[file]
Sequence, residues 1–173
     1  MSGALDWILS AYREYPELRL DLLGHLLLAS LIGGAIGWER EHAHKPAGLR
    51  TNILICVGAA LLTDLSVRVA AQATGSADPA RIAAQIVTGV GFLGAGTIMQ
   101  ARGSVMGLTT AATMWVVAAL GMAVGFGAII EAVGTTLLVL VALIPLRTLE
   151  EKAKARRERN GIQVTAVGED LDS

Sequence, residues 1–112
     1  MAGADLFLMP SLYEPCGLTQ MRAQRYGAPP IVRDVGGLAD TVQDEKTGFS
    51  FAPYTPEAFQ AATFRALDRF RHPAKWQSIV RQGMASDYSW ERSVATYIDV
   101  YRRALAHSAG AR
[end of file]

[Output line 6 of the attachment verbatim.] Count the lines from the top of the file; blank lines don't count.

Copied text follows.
Sequence, residues 1–112